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Guard strike points to global problem at Rio Tinto

21 October, 2015A security guard strike at Rio Tinto’s mine in Madagascar points to a global problem: the company’s overreliance on and failure to take responsibility for precarious workers.

Over 100 workers who provide security at Rio Tinto’s QMM ilmenite mine in Madagascar went on strike on Sunday. They are protesting the firing of two guards who are leaders of IndustriALL affiliate FISEMA. They are also demanding that a manager who is said to routinely verbally abuse workers and their families be terminated.

The guards, employed by Rio Tinto subcontractor Pro’Tech Security, are treated poorly as are other Rio Tinto indirect, precarious employees at the mine.

“Rio Tinto’s subcontracted security guards, catering employees, cleaners and drivers at its mine in Madagascar suffer from poverty wages and a lack of employment security,” stated Eugène Chretien, FISEMA General Secretary for Anosy Region.

“While Rio Tinto’s direct employees have a decent canteen and clinic, the subcontracted employees must eat in the open air in dusty conditions and be treated in an inferior clinic. Also, their personal protective equipment is not always replaced according to the security norms. This is especially troubling in light of the January fatality at the mine,” added Chretien.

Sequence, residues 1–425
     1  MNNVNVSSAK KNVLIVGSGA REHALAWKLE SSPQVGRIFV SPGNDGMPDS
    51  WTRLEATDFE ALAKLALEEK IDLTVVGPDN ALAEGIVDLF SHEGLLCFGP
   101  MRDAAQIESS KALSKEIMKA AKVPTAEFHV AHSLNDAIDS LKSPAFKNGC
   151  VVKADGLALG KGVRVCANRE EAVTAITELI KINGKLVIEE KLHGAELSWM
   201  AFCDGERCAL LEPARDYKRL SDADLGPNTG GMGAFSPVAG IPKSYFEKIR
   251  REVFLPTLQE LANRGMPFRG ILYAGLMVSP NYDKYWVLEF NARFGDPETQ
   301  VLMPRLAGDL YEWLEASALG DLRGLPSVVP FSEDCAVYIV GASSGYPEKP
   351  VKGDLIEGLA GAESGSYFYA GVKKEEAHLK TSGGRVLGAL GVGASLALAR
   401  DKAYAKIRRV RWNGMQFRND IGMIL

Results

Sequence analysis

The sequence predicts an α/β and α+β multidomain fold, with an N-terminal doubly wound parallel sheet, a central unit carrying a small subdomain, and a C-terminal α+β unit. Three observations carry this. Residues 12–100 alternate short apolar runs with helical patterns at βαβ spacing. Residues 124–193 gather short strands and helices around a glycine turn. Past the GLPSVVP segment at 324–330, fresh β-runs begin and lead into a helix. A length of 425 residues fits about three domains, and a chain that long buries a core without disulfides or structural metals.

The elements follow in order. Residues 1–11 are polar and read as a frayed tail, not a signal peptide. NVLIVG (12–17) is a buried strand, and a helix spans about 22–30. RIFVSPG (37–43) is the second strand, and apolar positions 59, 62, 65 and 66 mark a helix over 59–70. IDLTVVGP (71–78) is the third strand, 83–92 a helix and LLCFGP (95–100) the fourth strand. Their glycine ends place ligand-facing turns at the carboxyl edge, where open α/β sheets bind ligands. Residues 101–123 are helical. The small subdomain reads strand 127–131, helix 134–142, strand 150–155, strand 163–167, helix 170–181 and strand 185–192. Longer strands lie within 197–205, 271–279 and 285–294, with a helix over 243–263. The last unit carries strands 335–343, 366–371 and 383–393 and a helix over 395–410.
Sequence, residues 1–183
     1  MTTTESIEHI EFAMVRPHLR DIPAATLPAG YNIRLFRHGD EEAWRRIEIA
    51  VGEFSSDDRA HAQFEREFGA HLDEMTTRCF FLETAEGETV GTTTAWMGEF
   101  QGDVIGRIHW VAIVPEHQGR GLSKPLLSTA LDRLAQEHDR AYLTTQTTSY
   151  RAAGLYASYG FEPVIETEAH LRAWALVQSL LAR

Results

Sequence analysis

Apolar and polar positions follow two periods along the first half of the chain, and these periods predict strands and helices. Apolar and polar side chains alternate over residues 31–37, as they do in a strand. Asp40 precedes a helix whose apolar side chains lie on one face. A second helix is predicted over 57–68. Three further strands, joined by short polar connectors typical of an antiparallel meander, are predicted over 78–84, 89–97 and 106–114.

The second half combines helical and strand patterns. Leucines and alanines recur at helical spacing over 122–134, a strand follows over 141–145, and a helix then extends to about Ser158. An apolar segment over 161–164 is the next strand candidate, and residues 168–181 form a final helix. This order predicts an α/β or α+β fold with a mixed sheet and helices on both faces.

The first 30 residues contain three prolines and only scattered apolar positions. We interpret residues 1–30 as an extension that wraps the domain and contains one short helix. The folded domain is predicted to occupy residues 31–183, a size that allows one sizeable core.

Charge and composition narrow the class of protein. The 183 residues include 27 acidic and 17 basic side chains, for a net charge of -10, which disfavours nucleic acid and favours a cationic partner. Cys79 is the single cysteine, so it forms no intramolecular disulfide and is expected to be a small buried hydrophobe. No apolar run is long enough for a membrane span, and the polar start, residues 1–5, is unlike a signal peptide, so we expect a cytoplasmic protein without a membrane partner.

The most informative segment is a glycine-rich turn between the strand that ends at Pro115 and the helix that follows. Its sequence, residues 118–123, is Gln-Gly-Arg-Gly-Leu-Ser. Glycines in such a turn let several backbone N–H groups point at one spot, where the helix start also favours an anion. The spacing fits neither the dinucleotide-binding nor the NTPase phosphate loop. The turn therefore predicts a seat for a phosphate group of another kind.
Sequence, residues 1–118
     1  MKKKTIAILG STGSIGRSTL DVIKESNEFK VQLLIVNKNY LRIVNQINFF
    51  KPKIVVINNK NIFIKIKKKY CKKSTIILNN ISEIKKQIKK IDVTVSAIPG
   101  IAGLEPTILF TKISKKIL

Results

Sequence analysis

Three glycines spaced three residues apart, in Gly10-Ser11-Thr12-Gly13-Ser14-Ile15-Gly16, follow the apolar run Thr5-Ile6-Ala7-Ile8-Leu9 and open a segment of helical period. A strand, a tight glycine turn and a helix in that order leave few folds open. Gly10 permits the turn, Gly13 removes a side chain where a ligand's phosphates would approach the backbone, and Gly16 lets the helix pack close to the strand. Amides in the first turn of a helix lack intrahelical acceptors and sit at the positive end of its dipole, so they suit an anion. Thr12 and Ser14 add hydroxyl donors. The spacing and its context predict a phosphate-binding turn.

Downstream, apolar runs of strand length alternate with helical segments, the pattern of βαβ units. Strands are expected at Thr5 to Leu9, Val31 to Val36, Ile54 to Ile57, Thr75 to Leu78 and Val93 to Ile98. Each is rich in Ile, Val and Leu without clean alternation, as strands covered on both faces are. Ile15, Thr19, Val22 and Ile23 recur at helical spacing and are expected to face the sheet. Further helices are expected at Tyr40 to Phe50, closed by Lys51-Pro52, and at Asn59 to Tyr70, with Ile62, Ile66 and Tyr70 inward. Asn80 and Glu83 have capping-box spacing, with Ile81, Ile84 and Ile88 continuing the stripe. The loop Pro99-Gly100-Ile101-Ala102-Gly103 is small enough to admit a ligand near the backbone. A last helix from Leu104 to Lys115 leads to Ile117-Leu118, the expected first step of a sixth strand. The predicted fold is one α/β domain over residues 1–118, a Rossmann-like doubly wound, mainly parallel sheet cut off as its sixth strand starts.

FISEMA recently requested a meeting with Rio Tinto to discuss how to improve the treatment of Rio Tinto’s indirect employees in Madagascar, however the company refused.

Rio Tinto’s excessive use of indirect, precarious employees around the world generated a global protest earlier this month.

Unions at Rio Tinto organized a global day of action on 7 October demanding good, safe jobs instead of precarious work.

In Iceland, the VM union held a rally in front of Rio Tinto’s aluminium smelter protesting against the company’s threat to close the smelter if the union doesn’t allow a massive increase in contracting out to lower paid workers.

In Namibia, the MUN union rallied and delivered Rio Tinto’s Rossing uranium mine management a petition demanding an end to exploitation of contractors. This includes paying some contractors only one-seventh as much as regular workers, forcing them to work longer hours with less job security, and victimisation of union members.

Unions representing workers at Rio Tinto in fourteen countries sent a letter to Rio Tinto’s CEO on 7 October requesting to work collaboratively with the company to address these problems.

“The security guard strike at Rio Tinto in Madagascar is a symptom of a global problem that requires a global solution,” said IndustriALL Assistant General Secretary Kemal Özkan. “We hope Rio Tinto will respond positively to the unions’ offer to work toward that solution.”